IN: Reviews

Brahms Sonatas Gain Freshness on Period Piano


Arriving late at Slosberg Music Center, Brandeis University, Sunday evening, I was warned by a member of staff to hurry – “It’s like a rock concert in there!” I saw what he meant. The hall was packed as Daniel Stepner and Robert Levin prepared to dive into all three Brahms violin-piano sonatas. The concert opened the new Brandeis concert season with a bang.

The 300-seat auditorium and the emotional connection between audience and performers lent a degree of intimacy to the sensual sonatas that are so seldom grouped at one event. Further, it was a rare opportunity to hear these two popular educator-performers making music together onstage.

Close personal friends of long standing, Stepner teaches violin at Brandeis, Levin is on the Harvard faculty, and they have co-taught a class in chamber music and performance and analysis at Harvard for the past 20 years. By all evidence, much of the audience had been through this class.

The third star on stage was Levin’s personal Streicher piano, trucked in for the event. The piano, dated 1869, is identical to the instrument on which Brahms composed for the last 24 years of his life.  The Streicher sound blended perfectly with Stepner’s violin and set this musical experience apart from the various modern CD recordings on later, glassier, pianos.

Levin took 10 minutes after the intermission to conduct a loving mini-lecture on piano history, pacing the stage and demonstrating the Streicher’s clarity and power with full keyboard arpeggios and a few bars of Bach’s Two-Part Inventions. Levin then provided a bonus interlude of three of the Mendelssohn Songs Without Words, a lovely showcase for the Streicher’s velvety tones. His technique coaxed fresh musical properties from the instrument, subtler yet more penetrating than modern pianos with their cast-iron plates and overstrung bass strings.

But the main attraction of the evening was the Brahms sensibility in the sonata form. Although not consciously composed as a set, the violin-piano sonatas are well matched in tone and structure. Piano and violin trade places with theme and accompaniment, intertwining their roles like a DNA double helix. Themes are so musical as to stay in one’s memory for days.

Stepner’s program notes vividly conveyed his love affair with Brahms.  Brahms’s emotional power, he wrote, “doesn’t grab me by the lapels; rather, it seduces me and doesn’t allow me to avert my ears …” The climactic moments, he added, “can leave me devastated.” This emotional investment was obvious yesterday evening, especially in No. 1 op. 78 in G Major, which opened with a vivace theme shifting from Stepner to Levin and back. In the second movement, the Adagio, Levin was notably effective in bringing out a sense of yearning, tenderness, and reflection. At times, his sustained pedaling made the Streicher weep. This is the movement written in tribute to Clara Schumann’s son, Felix, who was dying tragically at the age of 24.  The third movement, Allegro molto moderato, saw Stepner warming to his theme, leaning into the plaintive music, and effortlessly executing Brahms’s virtuoso demands.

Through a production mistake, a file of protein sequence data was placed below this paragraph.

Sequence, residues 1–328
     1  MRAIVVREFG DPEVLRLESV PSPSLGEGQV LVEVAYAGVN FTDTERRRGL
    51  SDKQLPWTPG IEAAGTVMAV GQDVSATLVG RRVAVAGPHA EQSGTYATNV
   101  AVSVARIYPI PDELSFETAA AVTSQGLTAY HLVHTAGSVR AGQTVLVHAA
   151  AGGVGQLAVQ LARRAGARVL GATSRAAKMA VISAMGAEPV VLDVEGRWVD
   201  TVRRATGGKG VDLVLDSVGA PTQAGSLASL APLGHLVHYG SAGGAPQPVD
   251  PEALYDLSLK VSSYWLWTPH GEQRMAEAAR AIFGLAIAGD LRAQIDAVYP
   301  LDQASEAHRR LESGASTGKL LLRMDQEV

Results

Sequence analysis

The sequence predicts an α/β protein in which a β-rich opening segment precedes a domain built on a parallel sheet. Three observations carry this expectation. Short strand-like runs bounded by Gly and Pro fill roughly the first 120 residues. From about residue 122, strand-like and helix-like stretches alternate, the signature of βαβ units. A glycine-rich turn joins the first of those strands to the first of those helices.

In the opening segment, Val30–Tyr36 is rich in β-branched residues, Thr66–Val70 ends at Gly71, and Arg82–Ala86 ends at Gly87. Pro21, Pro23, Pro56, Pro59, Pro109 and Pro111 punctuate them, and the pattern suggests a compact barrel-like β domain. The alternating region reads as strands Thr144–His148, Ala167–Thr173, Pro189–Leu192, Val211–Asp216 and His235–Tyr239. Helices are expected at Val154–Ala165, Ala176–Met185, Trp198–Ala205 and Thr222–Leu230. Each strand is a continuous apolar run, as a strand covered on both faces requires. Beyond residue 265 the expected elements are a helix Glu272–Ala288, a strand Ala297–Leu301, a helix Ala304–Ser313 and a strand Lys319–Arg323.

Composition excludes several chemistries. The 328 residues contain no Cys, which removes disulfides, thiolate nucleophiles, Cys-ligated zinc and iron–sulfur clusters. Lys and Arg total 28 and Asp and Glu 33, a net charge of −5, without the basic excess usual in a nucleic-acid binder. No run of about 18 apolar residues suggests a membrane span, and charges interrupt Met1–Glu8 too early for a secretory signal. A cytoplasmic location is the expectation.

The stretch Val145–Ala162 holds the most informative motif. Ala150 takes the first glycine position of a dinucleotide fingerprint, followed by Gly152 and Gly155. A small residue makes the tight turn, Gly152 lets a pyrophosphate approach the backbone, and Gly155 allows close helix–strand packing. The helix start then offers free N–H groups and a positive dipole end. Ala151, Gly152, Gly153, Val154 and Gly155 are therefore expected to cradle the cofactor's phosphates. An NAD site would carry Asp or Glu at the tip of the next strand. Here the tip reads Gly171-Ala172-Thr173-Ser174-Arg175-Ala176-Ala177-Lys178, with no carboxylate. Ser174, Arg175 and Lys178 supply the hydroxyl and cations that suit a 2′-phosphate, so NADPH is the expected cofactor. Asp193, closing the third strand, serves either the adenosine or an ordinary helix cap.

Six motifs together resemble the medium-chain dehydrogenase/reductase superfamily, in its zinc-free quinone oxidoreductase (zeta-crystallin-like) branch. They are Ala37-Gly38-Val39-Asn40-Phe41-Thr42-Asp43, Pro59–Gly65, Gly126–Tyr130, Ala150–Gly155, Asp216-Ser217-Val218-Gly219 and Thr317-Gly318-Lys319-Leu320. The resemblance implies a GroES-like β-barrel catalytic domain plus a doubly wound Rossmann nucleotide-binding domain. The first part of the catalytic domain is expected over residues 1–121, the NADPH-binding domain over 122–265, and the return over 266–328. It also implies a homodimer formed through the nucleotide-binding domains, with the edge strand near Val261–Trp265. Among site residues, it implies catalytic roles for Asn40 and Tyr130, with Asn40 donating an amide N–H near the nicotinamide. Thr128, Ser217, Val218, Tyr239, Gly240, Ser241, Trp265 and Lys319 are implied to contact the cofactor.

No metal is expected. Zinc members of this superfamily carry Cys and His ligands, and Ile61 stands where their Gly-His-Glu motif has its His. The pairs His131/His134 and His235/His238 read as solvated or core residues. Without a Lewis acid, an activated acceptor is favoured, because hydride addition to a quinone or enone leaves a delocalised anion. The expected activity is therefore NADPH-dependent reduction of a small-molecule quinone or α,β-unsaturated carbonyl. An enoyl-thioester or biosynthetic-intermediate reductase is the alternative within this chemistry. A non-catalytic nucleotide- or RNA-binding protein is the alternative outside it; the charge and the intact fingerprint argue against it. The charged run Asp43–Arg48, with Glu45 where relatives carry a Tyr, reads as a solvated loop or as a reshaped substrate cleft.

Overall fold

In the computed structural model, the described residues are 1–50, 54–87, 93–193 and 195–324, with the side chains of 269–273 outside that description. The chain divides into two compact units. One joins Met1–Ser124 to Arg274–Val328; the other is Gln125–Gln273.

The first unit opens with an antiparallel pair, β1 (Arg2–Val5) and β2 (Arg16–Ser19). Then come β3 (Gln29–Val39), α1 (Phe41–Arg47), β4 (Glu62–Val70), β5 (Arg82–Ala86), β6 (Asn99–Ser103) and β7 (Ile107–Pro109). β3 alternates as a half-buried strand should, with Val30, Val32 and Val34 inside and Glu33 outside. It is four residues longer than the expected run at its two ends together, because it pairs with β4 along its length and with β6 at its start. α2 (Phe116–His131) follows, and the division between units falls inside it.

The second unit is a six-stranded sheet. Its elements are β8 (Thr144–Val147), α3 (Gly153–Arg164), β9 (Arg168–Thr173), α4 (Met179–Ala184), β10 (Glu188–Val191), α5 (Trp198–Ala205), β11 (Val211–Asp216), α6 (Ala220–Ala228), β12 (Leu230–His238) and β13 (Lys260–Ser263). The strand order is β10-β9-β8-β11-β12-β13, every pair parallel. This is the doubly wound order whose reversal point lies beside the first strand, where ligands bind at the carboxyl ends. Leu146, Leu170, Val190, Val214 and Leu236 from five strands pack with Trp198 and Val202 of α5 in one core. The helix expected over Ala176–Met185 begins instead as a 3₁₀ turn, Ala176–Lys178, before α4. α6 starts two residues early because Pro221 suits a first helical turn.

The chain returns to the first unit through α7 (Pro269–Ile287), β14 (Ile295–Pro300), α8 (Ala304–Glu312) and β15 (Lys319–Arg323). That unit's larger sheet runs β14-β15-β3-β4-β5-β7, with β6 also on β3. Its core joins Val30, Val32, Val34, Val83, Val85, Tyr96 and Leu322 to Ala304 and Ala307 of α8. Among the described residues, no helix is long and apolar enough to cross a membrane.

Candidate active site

Also memorable were the final two movements of No. 3 op. 108 in D Minor, a sprightly Presto theme again exchanged between the two players with nothing but an occasional discreet nod to keep them in sync. In this reading, the third movement flowed straight into the fourth, Presto agitato, with its intricate, tricky rhythms and its bursting finale.

Stepner and Levin were enjoying themselves unashamedly, a vibe picked up by the audience. Stepner described the first sonata as ending with “volcanic violence”; the final chords brought the public to its feet.

An additional treat came from their choice of encore, the Scherzo from the F-A-E Sonata, a collaborative work with movements by Brahms, Robert Schumann, and Schumann pupil Albert Dietrich. The sonata was presented to their friend and violinist Joseph Joachim, who at the first private performance was asked to identify the authorship of each movement. He easily named each one. Stepner and Levin plunged into the piece with gusto and ended with a delightful climax.

It was the joy of the performances, often lacking in formal concert settings, that made this concert such a pleasure.

Michael Johnson is a former Moscow correspondent who writes on music for the International Herald Tribune, Clavier Companion and other publications. He divides his time between Bordeaux and Brookline.


4 Comments [leave a civil comment (others will be removed) and please disclose relevant affiliations]

  1. He’s dead right: The performances were engaged and engaging, the performers evidently
    enjoying themselves. The piano, with its balanced sound over its compass, matched
    perfectly with the violin. Levin’s exposition after the break was brief and valuable.
    Would that we could hear this kind of sonority. Bravi Stepner, Levin!

    Comment by Martin Cohn — September 24, 2012 at 7:48 pm

  2. I wasn’t there, but this beautifully written review with its details about the piano, about Stepner and Levin, about the writer’s and the audience response made me think how often music heard live, meaning both seen and heard, has brought me to tears for sheer joy. This review comes pretty close to doing that. I can hear the writer’s heart beat here. Kudos.

    Comment by Mary L. Tabor — September 25, 2012 at 9:32 am

  3. uh, SAE Sonata? If memory serves (and it does), that should be F.A.E. Sonata. (Frei aber Einsam- Free but Lonely.) Perhaps S.A.E. means “Spell an Error”……

    Comment by anon 1 — September 25, 2012 at 8:27 pm

  4. Anon 1 is certainly right and should know his Brahms. Duly noted and corrected.

    Comment by Lee Eiseman — September 25, 2012 at 10:36 pm

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